Symphonies Nos 1 & 2

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ANTHONY RITCHIE
Symphonies Nos 1 & 2
Christchurch Symphony Orchestra / Marc Taddei

[ Kiwi Pacific / CD ]

Release Date: Sunday 10 June 2007

Anthony Ritchie completed a Ph.D. on the music of Bartok in 1987, studying at the Bartok Archives in Budapest. He also studied composition with Attila Bozay at the Liszt Academy, and completed his Mus.B (Honours) at The University of Canterbury.

Symphony No.1 'Boum', op.59 (1993)

The title of this symphony comes from the ominous tam tam stroke that opens the first movement, a mysterious echo heard by two characters from E M Forster's famous novel, 'A Passage to India', when they enter the Marabar Caves.

Symphony No.1 'Boum' was completed while Ritchie was Composer-in-residence with the Dunedin Sinfonia in 1993, and first performed the following year, under the baton of Sir William Southgate. It has received numerous performances, and in 1998 was recorded for Concert FM by the New Zealand Symphony Orchestra.

Symphony No. 2 'The Widening Gyre', op.95 (1999)

This symphony was commissioned by The International Festival of the Arts It explores the millennium theme from an historic and poetic angle and takes as a starting point famous lines from 'The Second Coming' by William Butler Yeats:

"Turning and turning in the widening gyre
The falcon cannot hear the falconer;
Things fall apart; the centre cannot hold;
Mere anarchy is loosed on the world . . ."

Written in 1921, when the old order in Europe was breaking down, it suggests a revolution or rotation in history (the gyre) will bring about a 'second coming' of an important historical figure, and the dawn of a new Millennium. Yeats' vision of the new world order to come is not, however, optimistic. He sees the coming of a 'rough beast' with a 'lion body and the head of a man', a cold and heartless creature that might be equated with certain infamous and autocratic leaders in the 20th century.

The 'gyre' or revolution is represented in the symphony by a rolling, sliding timpani sound, accompanied by bass drum and tam tam at the start of the work. This idea becomes an important motif and appears at the very start. Following the 'gyre', we hear a 'life and death' theme that begins like a cradle song (the birth of Christ), rises, and then twists downwards in a chromatic line. This theme provides most of the material for what follows.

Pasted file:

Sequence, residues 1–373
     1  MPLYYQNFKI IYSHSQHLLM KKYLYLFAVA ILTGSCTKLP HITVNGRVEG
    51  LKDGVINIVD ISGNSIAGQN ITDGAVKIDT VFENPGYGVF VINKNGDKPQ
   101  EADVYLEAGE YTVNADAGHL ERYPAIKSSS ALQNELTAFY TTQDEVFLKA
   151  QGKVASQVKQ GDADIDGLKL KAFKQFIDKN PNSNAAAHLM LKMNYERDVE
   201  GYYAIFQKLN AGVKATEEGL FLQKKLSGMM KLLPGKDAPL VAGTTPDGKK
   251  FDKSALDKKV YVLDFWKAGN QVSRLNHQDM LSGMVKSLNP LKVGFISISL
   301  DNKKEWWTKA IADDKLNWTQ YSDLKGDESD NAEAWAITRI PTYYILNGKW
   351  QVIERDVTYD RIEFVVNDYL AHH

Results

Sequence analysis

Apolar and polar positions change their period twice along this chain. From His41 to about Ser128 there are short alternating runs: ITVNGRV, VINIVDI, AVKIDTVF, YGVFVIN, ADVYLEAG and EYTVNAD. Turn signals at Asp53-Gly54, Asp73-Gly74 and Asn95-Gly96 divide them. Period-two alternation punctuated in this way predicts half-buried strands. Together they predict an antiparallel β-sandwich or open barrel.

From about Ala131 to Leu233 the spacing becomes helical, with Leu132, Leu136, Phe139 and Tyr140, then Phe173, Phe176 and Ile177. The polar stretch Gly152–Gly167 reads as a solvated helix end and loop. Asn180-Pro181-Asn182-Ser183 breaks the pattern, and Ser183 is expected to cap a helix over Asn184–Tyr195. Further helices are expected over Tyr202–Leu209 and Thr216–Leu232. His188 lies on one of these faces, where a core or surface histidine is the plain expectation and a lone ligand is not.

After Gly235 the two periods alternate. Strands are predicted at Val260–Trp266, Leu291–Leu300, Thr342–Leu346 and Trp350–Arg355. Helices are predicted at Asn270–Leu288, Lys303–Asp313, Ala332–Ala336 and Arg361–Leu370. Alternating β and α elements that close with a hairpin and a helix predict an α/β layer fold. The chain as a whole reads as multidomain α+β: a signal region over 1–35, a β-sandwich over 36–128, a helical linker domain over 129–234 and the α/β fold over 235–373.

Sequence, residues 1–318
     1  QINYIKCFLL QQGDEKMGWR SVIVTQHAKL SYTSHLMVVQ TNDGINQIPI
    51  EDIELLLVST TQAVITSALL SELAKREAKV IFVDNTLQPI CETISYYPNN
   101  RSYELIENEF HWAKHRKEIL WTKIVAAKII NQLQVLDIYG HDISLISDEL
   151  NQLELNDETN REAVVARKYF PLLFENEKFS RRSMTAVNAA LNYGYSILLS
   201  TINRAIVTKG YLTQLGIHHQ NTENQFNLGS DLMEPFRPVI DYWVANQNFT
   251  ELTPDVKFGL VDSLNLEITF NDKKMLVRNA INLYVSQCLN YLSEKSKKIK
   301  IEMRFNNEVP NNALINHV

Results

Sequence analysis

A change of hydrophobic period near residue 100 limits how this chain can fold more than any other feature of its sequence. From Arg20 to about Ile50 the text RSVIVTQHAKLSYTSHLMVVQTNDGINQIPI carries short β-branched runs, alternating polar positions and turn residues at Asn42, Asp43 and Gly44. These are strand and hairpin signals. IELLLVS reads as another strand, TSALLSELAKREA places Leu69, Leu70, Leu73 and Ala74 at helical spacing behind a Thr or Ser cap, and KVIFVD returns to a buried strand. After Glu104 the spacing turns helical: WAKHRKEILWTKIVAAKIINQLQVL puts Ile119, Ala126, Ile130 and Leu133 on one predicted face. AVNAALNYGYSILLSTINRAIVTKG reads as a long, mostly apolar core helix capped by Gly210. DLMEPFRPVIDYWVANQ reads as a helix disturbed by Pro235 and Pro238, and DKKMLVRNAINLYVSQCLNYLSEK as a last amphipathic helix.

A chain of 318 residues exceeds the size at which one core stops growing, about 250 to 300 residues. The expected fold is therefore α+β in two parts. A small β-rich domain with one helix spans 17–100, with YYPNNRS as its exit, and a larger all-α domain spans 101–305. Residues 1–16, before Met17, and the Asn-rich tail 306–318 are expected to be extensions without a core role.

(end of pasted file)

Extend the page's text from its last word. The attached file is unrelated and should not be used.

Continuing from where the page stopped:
Anthony Ritchie - biography
Anthony Ritchie completed a Ph.D. on the music of Bartok in 1987, studying at the Bartok Archives in Budapest. He also studied composition with Attila Bozay at the Liszt Academy, and completed his Mus.B (Honours) at The University of Canterbury. During this time his Concertino for Piano and Strings was recorded onto LP by Kiwi Pacific. In 1987 he was Composer-in-Schools in Christchurch, before moving to Dunedin as Mozart Fellow (1988-9) at Otago University. Anthony was Composer-in-Residence with the Dunedin Sinfonia in 1993-94, completing his Symphony No. 1 "Boum". He freelanced from 1995-2002, writing commissioned works for performers as diverse as the NZSO, Class Act Opera, and Footnote Dance Company. In 2000 his Symphony No.2 was premiered by The Auckland Philharmonia at the International Festival of the Arts, and was followed up by the comic opera Quartet at the 2004 Festival. Anthony has composed film music in collaboration with Natural History NZ, including Southern Journeys (2000) and Timeless Land (2003). In 2004 his opera, The God Boy, was a critically acclaimed success at the Otago Arts Festival, and in 2005 his 24 Piano Preludes were released on CD by Atoll, also to good reviews. In 2006 a CD of Ritchie's chamber music was released by Kiwi Pacific Records. Anthony is now a senior lecturer in composition at Otago University. His works are regularly performed in New Zealand, and increasingly overseas as well, most notably the Flute Concerto.

Tracks:

Symphony No.1 ' Boum', op.59 (1993)
Symphony No. 2 'The Widening Gyre', op.95 (1999)